Rideshare Users Pay More in Low-Income and Minority Neighborhoods

SEAS researchers found the algorithm behind Uber’s and Lyft’s dynamic pricing upped the charges for riders traveling to and from disadvantaged areas.

Image of cars in Adams Morgan. (Harrison Jones/GW Today)
(Harrison Jones/GW Today)
July 07, 2020

By Ruth Steinhardt

Thinking of calling a rideshare service? Uber and Lyft passengers going to and from low-income and non-white neighborhoods may pay higher prices, researchers at the George Washington University recently found.

Aylin Caliskan, an assistant professor of computer science in the School of Engineering and Applied Science, and doctoral student Akshat Pandey analyzed a public data set from the city of Chicago containing the times, pickup locations and destinations of more than 100 million rideshare trips. By comparing that information with census data about Chicago’s demographic makeup, the team discovered that riders were charged more per mile when they were traveling to or from neighborhoods with high percentages of nonwhite or low-income residents.

“It means people in these neighborhoods that are already disadvantaged are being further disadvantaged by having to pay more for their rides,” Dr. Caliskan said.

The culprit isn’t conscious prejudice on the part of individual drivers or the companies themselves, Dr. Caliskan said. Rather, it’s societal bias built into the decision-making algorithm that drives rideshare pricing.

Uber and Lyft have proprietary machine learning algorithms that individualize all pricing for riders, a practice called dynamic pricing. Rideshare prices vary based on time, location, traffic conditions and other unknown properties. No two ridesharers, even when requesting a ride milliseconds apart in the same location, are likely to be charged the exact same price.

In general, Dr. Caliskan found, speed and demand caused the biggest fluctuations in price—hence “surge pricing,” the bane of the late-to-work commuter. But the demographic makeup of a neighborhood also had a statistically significant impact.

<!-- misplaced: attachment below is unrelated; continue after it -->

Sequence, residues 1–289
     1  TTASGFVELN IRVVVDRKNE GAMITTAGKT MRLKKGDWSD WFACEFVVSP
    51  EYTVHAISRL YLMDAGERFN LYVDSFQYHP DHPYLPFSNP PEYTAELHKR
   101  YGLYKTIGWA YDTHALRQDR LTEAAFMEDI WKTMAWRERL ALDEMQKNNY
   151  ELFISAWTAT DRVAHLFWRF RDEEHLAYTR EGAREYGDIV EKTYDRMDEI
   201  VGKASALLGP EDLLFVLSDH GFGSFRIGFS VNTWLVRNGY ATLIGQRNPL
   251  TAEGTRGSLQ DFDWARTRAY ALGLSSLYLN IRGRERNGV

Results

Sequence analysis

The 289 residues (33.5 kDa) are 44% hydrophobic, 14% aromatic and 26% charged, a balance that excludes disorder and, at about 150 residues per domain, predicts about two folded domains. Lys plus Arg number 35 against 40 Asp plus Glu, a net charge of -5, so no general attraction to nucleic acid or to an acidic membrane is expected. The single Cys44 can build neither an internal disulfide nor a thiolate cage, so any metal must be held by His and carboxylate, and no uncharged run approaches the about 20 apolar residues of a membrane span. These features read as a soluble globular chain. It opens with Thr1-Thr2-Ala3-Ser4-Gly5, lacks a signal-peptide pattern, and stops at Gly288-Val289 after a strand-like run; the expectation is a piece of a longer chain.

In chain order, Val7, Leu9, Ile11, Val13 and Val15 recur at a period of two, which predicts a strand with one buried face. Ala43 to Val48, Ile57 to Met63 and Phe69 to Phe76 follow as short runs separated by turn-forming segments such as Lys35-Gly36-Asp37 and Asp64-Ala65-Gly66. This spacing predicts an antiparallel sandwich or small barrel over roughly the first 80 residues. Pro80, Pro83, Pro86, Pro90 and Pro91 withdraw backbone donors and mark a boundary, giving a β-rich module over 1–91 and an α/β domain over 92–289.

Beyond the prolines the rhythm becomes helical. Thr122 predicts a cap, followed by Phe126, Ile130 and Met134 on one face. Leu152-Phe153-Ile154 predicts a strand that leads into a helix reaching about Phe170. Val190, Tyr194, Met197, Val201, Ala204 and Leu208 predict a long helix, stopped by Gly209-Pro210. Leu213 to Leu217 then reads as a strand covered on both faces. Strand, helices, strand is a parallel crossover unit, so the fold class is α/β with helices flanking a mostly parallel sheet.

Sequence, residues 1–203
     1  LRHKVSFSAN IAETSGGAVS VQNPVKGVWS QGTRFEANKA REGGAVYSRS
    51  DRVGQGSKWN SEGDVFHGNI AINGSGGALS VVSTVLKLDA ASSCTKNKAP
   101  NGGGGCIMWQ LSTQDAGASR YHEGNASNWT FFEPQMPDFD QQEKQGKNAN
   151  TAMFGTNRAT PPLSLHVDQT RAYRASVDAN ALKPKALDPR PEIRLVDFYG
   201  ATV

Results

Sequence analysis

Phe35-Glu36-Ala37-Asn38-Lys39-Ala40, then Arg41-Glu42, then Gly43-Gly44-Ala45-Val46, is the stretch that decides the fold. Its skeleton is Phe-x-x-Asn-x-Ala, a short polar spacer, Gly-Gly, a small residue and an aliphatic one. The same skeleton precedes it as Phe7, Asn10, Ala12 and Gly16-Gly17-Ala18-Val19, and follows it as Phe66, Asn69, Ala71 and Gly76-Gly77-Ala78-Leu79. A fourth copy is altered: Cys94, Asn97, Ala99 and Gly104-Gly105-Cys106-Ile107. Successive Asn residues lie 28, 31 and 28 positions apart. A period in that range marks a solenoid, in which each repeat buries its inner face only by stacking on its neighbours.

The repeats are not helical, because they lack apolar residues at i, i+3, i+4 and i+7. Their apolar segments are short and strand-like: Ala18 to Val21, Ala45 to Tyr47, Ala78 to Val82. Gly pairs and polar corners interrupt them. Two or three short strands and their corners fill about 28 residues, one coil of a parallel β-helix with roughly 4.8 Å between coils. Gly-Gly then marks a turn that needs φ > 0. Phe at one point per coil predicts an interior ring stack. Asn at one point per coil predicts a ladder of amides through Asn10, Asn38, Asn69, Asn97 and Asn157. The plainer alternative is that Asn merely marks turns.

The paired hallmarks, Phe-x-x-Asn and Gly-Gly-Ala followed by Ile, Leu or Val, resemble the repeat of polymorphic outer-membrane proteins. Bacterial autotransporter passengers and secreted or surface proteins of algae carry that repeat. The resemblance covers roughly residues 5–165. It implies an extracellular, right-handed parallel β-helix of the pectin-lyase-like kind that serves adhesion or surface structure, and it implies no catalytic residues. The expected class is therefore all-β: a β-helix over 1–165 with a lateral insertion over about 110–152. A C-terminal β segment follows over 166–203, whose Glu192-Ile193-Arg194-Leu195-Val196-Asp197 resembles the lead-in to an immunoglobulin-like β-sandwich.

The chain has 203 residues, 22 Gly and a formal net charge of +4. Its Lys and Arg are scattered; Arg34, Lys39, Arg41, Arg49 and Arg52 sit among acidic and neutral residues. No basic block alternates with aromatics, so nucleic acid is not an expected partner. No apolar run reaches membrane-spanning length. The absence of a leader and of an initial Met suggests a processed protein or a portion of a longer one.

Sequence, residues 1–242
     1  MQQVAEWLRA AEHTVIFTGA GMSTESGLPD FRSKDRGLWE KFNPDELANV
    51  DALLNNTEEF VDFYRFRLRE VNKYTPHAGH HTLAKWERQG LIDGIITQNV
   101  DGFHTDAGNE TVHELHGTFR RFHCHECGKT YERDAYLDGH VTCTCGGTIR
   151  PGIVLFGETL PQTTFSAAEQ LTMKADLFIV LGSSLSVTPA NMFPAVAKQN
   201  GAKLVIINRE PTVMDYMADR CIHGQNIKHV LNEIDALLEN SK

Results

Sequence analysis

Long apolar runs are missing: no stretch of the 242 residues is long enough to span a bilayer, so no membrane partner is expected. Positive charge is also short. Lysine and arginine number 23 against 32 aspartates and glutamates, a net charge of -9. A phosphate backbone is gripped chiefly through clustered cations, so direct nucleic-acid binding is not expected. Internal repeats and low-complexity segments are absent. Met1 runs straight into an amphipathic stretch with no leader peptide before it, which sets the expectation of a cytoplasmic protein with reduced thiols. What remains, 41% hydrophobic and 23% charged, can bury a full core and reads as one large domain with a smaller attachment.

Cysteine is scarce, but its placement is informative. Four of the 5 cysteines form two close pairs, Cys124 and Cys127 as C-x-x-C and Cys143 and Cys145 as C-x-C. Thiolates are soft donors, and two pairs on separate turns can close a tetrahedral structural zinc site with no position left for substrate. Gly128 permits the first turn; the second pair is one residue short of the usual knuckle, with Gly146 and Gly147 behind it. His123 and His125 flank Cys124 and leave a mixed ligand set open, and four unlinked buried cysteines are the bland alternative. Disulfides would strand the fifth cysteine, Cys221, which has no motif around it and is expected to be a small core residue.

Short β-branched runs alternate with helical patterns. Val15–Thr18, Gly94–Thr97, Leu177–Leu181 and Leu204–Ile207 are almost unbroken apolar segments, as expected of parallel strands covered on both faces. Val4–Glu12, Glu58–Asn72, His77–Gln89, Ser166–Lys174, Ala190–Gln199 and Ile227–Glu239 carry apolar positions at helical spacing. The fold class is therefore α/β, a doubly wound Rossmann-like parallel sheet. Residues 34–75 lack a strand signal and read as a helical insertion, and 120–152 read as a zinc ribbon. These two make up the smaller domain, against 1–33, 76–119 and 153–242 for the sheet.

“Given a type of data, AI algorithms learn the patterns in that data—so if you give an algorithm data from the social domain, they end up learning the patterns of society,” Dr. Caliskan said. “Since our society is biased, these models end up learning these biases as well. Then, when they’re used in the social context to make decisions about human beings, they use that biased data to make decisions that not only perpetuates societal biases but even amplifies them.”

Dr. Caliskan has been interested throughout her career in the relatively new science of algorithmic bias. She has studied the way language processing algorithms adopt—and then amplify—societal prejudice, for instance by associating women more with home and the arts and men with careers and the sciences. It’s a difficult problem to solve, she said, because AI tools have to be trained on existing content created by humans, and that content necessarily reflects the conscious and unconscious bias of its authors. Because the AI can’t distinguish between biased and nonbiased linguistic input, it reflects those biases in its output.

Correcting those biases in an imperfect society is a complicated question, Dr. Caliskan said. One possibility is to develop closer regulation of decision-making algorithms, which are largely secretive in the data they collect and how it is used, even as they have larger-scale effects on human life—not just in the price a person pays for a Lyft but in her likelihood of getting a house, being admitted to college or having a dangerous cancer detected. Studying datasets like the one released by Chicago can help track the AI’s biases, which might then be corrected by programming changes or human “ethical checkpoints.”

“We need to assume we are dealing with biases and come up with methods and tools for mitigation,” Dr. Caliskan said. “But it’s quite complex, and it seems like this will be an increasingly important question.”

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